It was 2016 and Joey Lucas had been listening to a digital copy of an album called Hustle Warfare 3, by Memphis hip-hop artist Black Smurf.
There was no physical version of the record, which bothered Lucas. He wanted a copy of Hustle Warfare 3 to call his own, a physical object he could hold and show to his friends. A longtime fan of audiocassettes, he and a buddy looked into getting the album on tape.
"We found out how cheap it was to actually manufacture a tape and just went for it," says 42-year-old Lucas on an April afternoon at Pizza D' Action in Little Rock. He contacted Black Smurf via Instagram and reached an agreement with the rapper to produce 100 copies of the album on tape.
"I just kind of did it for fun," Lucas says. "He was my favorite artist at the time, and I just really wanted to put out something physically."
Hustle Warfare 3 became the debut release on Sleepcvlt, Lucas' Little Rock-based cassette-only label.
"I had to order 100 copies of them," says the soft-spoken Lucas, who is wearing shorts, a Godflesh T-shirt and cap with the bill flipped up. "I didn't even care if any of them sold, I just wanted a physical copy."
They did sell, though, as have many of Sleepcvlt's subsequent titles.
"I've had 18 releases in the past year and I've sold out of over half of them," Lucas says. "It has really surprised me."
The label specializes in underground rap and has released albums by Lil Xan, Chxpo, Purpdogg, Crimewave, Lil Toenail, Gizmo, Yung Bans, Horse Head, Little Rock ambient, electronic project Liquid Skulls and others. Lucas has also recently branched out into metal, with tapes coming in June from central Arkansas headbangers Rwake.
Christopher Terry, Rwake lead singer, says the band's first album, 2002's Hell Is a Door to the Sun, will make its cassette debut on Sleepcvlt.
"I started following his label on Instagram," Terry says. "His presentation is amazing. It's kind of old school, and I still buy cassettes. I like them."
A typical Sleepcvlt (say "Sleep cult") release is a run of 100 tapes of a previously released album. Half go to the artists, who often sell them at shows, while Lucas sells the other half at $10 apiece through his Instagram account -- instagram.com/sleepcvlt.tapes/ -- or at online music marketplace discogs.com.
That limited run adds to the exclusivity of the releases, Lucas says, and makes them coveted among completist fans.
His marketing approach is strictly low-key. He doesn't tweet or use Facebook and the only reason he started his Instagram account was to reach Black Smurf.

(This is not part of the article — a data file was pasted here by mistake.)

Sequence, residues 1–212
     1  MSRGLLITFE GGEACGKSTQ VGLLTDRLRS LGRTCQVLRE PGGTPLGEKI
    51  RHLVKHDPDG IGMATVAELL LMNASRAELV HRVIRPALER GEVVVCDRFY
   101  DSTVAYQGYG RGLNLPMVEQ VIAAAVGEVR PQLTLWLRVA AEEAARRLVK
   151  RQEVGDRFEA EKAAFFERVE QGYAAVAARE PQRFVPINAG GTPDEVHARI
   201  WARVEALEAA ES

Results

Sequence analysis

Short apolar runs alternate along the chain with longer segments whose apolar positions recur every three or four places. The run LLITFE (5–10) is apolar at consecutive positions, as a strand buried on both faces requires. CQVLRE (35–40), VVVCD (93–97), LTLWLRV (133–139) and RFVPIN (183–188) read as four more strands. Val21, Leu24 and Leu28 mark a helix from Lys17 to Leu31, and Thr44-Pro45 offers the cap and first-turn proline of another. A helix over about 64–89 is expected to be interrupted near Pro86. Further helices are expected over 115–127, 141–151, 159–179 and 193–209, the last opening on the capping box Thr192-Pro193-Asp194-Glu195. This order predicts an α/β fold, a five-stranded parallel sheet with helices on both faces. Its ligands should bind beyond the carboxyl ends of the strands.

"I hate social media. Instagram is the easiest for me," he says. "If someone orders on Instagram, I actually talk to them. I spend time interacting with them. I get a lot of repeat customers that way."
About 60 percent of his business comes from overseas, he says: "No one in Little Rock has ever bought a tape from me as far as mail-order goes. I've had friends say 'here's $10' for a tape, but most of my orders are from places like Japan, Slovenia, the Czech Republic. About 80 percent of my international orders go to Germany."
There are two Memphis stores, Shangri-la Records and the skateboard shop VHS Memphis, that sell his cassette tapes. And they are also sold at Zion's Gate Records in Seattle.
The pocket-size cassettes are making a modest comeback among a niche of music fans who want something more tangible than a Spotify stream or a download, but cheaper than a new vinyl record, which can be $20 or more.
In January, Billboard reported that cassette sales grew to 174,000 in 2017, a 35 percent increase over 2016 and propelled by the release of soundtracks from the Guardians of the Galaxy film franchise.
Granted, that is but a speck of space dust in the vast music sales universe -- just 0.10 percent of all albums sold, Billboard says -- but ground is being gained and mainstream artists like Lana Del Ray, Eminem and Taylor Swift are just a few who have recently released music on cassette. Popular titles by legacy acts such as Nirvana and Prince, whose older fans probably first bought Nevermind or 1999 on tape back in the day, have also seen recent cassette re-releases.